WOOSTER, Ohio—Katrina Cornish has taken on many roles in more than 30 years as a world-renowned researcher in alternative sources of natural rubber.
As of Feb. 28, Cornish added a new role: scientific adviser to a start-up hydroponic dandelion rubber company, Chicago-based American Sustainable Rubber Co. L.L.C.
ASR chose Cornish for her extensive research into developing hydroponic indoor cultivation of the Taraxacum kok-saghyz (TKS) dandelion, as well as her general experience in alternative rubber production, bio-based fillers and feedstocks from agriculture and food processing wastes for value-added products and biofuels.
Hydroponic cultivation of the TKS dandelion offers a lot of advantages, Cornish said in a telephone interview from her office in Wooster. Cornish retains her position as Ohio research scholar and endowed chair of bio-emergent Materials at Ohio State University-Wooster.
"Hydroponics allow for very rapid growth, and there are no weeds, which is the number one advantage to hydroponics," she said.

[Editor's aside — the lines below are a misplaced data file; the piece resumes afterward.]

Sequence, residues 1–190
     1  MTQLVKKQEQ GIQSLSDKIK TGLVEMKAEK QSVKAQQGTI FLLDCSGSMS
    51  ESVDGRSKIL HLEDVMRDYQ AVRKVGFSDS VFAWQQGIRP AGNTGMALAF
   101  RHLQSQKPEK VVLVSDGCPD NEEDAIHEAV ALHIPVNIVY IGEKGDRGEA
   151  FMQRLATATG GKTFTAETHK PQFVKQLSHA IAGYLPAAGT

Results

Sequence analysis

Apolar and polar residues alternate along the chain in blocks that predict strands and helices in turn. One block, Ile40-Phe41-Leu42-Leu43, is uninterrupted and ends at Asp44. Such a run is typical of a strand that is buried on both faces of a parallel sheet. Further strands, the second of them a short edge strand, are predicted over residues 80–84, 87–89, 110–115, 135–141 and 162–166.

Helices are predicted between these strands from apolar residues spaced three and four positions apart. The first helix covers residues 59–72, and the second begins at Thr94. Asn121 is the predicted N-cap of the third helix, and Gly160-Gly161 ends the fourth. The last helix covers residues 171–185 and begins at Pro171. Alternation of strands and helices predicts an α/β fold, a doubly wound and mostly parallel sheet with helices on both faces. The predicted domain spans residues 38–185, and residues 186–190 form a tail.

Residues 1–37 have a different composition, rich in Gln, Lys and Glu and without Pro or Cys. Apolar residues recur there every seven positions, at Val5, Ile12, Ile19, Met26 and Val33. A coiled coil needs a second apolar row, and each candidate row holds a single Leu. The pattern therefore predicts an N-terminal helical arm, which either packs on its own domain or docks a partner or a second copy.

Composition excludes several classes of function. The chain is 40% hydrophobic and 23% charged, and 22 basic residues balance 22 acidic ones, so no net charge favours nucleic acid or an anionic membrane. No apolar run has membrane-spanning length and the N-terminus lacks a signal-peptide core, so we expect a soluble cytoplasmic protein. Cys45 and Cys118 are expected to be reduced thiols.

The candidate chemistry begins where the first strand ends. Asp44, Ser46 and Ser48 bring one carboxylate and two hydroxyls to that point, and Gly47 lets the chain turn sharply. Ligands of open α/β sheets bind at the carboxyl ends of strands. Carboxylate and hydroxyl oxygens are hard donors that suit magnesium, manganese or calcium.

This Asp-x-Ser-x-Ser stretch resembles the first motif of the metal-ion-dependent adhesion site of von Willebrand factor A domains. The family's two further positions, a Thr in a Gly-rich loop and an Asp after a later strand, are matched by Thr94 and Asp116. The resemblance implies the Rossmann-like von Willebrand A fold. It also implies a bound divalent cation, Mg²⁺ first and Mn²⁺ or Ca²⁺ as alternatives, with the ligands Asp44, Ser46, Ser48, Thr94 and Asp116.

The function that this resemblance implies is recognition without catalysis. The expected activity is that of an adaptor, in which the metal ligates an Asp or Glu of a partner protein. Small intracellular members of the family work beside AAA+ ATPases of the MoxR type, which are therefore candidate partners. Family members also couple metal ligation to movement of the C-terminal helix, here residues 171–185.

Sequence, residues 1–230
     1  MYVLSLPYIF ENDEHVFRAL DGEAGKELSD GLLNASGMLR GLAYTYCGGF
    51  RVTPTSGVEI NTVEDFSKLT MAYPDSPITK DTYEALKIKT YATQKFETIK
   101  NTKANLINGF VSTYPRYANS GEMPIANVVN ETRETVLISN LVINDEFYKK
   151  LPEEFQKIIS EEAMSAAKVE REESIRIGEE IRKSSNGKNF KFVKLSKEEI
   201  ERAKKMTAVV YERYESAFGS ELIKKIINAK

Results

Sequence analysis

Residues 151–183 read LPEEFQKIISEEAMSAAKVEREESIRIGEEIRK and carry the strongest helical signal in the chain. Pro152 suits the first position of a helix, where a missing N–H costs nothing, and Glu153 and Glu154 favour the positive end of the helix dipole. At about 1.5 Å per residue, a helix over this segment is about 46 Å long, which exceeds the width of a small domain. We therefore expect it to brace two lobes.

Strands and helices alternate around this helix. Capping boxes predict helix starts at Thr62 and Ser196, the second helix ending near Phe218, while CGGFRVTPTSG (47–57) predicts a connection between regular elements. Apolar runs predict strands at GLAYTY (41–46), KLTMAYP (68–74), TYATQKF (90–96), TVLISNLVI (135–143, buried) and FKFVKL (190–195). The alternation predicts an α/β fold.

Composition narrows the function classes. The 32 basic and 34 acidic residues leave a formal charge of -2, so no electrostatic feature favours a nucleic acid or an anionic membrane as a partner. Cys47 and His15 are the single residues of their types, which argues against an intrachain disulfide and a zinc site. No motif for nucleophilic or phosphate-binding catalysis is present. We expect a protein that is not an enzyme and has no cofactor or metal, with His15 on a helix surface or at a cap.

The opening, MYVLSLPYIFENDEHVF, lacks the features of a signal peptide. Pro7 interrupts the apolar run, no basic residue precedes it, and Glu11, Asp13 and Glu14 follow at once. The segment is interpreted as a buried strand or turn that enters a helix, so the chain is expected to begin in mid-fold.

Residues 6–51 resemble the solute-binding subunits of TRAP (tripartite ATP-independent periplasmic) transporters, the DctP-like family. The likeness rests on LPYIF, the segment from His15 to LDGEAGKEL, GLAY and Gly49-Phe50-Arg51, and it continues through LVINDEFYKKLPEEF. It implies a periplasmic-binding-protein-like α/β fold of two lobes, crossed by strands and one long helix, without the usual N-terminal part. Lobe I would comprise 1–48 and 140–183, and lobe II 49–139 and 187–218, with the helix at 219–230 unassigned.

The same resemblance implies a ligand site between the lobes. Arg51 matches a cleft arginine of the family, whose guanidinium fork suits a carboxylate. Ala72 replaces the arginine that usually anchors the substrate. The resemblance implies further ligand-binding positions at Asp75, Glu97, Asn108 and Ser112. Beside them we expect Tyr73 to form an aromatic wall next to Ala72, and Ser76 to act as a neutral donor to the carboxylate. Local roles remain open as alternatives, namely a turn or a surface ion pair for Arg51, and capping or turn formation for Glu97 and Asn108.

There also is no dirt with hydroponics, Cornish said, and once you reach a certain level of cultivation, the replication of roots is much faster than with traditional farming.
"You can have multiple harvests in a year," she said.
ASR is a wholly-owned subsidiary of United American Healthcare Corp., but that doesn't mean ASR plans to aim for the health care market, according to Cornish. Dandelion rubber is better suited to industrial rubber products than it is to medical goods, she said.
"It's more of a supplement to Hevea rubber than an alternative to it, like guayule," she said, referring to the southwestern desert shrub that is the TKS dandelion's main rival as an alternative NR source. Dandelion rubber doesn't have the freedom from allergenic proteins that guayule does, she said.
As a researcher with the Agricultural Research Service of the U.S. Department of Agriculture, Cornish developed and patented a method of extracting protein-free latex from guayule.
She later served as vice president of research and development for Yulex Corp., the company that licensed the USDA guayule patent. Since 2013, she has been CEO of her own company, EnergyEne Inc., which is focused on development of high-performance latex gloves and other products made from guayule latex.